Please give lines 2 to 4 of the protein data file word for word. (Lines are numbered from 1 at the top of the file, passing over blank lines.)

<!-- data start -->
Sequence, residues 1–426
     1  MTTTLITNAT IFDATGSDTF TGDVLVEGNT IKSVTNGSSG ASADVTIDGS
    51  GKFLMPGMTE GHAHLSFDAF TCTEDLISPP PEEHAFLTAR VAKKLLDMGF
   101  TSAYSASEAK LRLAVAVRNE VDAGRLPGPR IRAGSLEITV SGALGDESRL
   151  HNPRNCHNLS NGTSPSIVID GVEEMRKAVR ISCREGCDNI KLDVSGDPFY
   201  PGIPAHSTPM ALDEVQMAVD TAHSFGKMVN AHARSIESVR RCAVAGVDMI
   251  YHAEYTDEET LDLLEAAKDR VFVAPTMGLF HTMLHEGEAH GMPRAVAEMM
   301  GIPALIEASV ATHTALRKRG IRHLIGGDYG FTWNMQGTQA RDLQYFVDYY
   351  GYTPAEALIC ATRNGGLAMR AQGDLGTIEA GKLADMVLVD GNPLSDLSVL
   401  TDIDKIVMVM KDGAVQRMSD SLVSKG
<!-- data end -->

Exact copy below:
     1  MTTTLITNAT IFDATGSDTF TGDVLVEGNT IKSVTNGSSG ASADVTIDGS
    51  GKFLMPGMTE GHAHLSFDAF TCTEDLISPP PEEHAFLTAR VAKKLLDMGF
   101  TSAYSASEAK LRLAVAVRNE VDAGRLPGPR IRAGSLEITV SGALGDESRL